American Indian Horse
American Indian Horse
The American Indian Horse is any horse of Spanish origin that has evolved to adapt to a particular environment within North America, with or without breeding from humans. The title American Indian Horse does not refer to one specific breed; rather, it applies to any breed that has proved itself capable of withstanding a distinct ecotone, whether it be the high plains of the Midwest or the low swamplands of the South.
There is no single characteristic typical of the American Indian Horse. the American Indian Horse Registry has not just one single breed or stock but rather a group that has developed over time throughout the Americas from Spanish stock. The American Indian Horse stands between 13 and 15 hands high and comes in any color from solid to lilac roan or peacock spotted leopard, and does not have small feet in comparison to the body structure, overly muscled/fat body style of the "modern" horse breeds or overly straight legs.
Early Indian ethnologists believed the feral Spanish mustangs roaming the Plains descended from Spanish horses lost by Cortez, and the Plains Indian horses came from these wild Spanish horses. Roe and others showed this was not the case. American Plains Indians acquired horses, and the knowledge of how to handle them, through trade with the Indians of the Southwest. American Indians had to learn to ride and handle horses just like everybody else.
Prior to the Pueblo Revolt, the only Indians familiar with horses were a few Apache and Navajo that worked on Spanish rancheros. When the Spanish abandoned the rancheros, thousands of horses were left behind. Alan Taylor, American Colonies, states the 1680 Pueblo Revolt, resulting in thousands of loose horses, was the greatest setback inflicted by American Indians on European expansion in North America. Within fifty years after the Pueblo revolt, horses had spread as far north as the Cree and Assiniboine Indians in Canada. Fifteen years after being driven out by the Pueblos, the Spanish retook the land, and the Spanish missions were re-established.
By the 1750s, all the tribes of the Great Plains had horses. They had become experts at raising, training and riding horses. They became experts at horse medicine.
Each Indian of the Great Plains could ride a horse by the age of five. As an adult, a young man would have a special horse for work. Another horse would be trained for hunting. And another would be trained for war. An Indian warrior's success depended upon how closely he and his horses worked together. The coming of white settlers to the Great Plains was the beginning of the end of the buffalo and horse culture of the American Indian. Many of the Great Plains tribes that survive today work hard to keep their traditional cultures.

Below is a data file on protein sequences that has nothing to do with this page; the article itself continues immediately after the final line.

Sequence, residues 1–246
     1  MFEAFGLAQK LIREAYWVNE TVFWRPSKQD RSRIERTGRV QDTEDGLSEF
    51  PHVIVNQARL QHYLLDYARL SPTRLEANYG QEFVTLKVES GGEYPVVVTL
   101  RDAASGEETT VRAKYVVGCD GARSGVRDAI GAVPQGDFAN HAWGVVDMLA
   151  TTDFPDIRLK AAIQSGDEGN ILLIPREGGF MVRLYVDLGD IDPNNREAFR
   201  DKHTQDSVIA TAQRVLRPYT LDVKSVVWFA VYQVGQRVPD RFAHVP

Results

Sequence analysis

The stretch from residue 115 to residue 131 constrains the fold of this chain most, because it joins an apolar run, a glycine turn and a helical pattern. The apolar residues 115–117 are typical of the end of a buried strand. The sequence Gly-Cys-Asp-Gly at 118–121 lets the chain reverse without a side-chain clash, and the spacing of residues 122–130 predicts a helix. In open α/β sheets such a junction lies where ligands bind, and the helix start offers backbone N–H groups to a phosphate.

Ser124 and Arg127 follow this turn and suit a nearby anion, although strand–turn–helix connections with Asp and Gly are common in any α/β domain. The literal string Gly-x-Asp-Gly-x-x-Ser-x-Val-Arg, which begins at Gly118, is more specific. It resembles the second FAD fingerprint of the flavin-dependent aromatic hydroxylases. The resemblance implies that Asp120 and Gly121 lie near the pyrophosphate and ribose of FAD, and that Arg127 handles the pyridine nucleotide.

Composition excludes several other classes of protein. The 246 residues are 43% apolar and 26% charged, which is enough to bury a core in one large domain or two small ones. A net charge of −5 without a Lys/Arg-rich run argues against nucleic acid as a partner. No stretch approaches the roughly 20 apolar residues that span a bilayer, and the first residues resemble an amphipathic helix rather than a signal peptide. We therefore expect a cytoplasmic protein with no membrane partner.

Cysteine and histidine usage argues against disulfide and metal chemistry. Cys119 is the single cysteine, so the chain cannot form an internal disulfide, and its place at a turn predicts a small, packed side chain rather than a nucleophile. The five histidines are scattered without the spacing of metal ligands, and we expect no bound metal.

Mesohippus was a three-toed horse that lived approximately twenty-five million years ago. The precursors of the horse family came into existence about fifty-five million years ago. The first was Eohippus. These prehistoric horses weighed about eighty pounds, had four toes on its front feet, three toes on its rear feet, and small teeth suitable for a diet of fruit and leaves. As these prehistoric horses increased in numbers and diversity, they spread across North America and, via the Bering Strait land bridge, to Europe and Asia. About fifteen thousand years ago, the North American habitat started to change and the prehistoric horses began to disappear. Horses were also a food source for Paleo-Indians, which contributed to horses becoming extinct on this continent.
Unlike earlier horses, Mesohippus' teeth were low crowned and contained a single gap behind the front teeth, where the bit now rests in the modern horse. In addition, it had another grinding tooth, making a total of six. Mesohippus was a browser that fed on tender twigs and fruit. The cerebral hemisphere, or cranial cavity, was notably larger than that of its predecessors; its brain was similar to that of modern horses. Like many fossil horses, Mesohippus was common in North America.
Native American Horse Breeds
The descendants of Indian horses are still with us, including some of the most popular breeds in America today.
American Quarter Horse
This breed descends from an 18th-century cross of Chickasaw ponies, with their superior speed and agility, and English thoroughbreds. Named for its ability to easily win quarter-mile races, it may be America's most popular breed.
The Choctaw, Cherokee, Chickasaw, and Creek captured their first horses from the Spanish and became avid horse breeders in their original homes in the Southeast. Following the removal of these tribes to Oklahoma, they continued to breed horses. In recent years the breeds have diminished due to the deaths of elderly breeders, but work is currently underway to preserve the Southeastern horse breeds before they are lost forever.
This spotted horse descends from animals bred by the Nimíipuu (Nez Perce), who once owned the largest herd in North America. After Chief Joseph's War (1877), the U.S. Army disbanded the tribal herd, but since 1938 the Appaloosa Horse Club has been working to preserve the breed.
Meanwhile, the Nimíipuu are re-establishing their own Appaloosa herd with an ambitious breeding program that incorporates the Akhal-Teke horse of Turkmenistan. This magnificent horse with a golden coat may be the oldest of domesticated breeds.
Fur Trapper. com
Spanish Colonial Horse and the Plains Indian Horse Culture- www.thefurtrapper.com/indian_horse.htm
en.wikipedia - en.wikipedia.org/wiki/American_Indian_horse
The American Indian Horse Registry- www.indianhorse.com/
National Museum of the American Indian
Wild Horses - Bureau of Land Management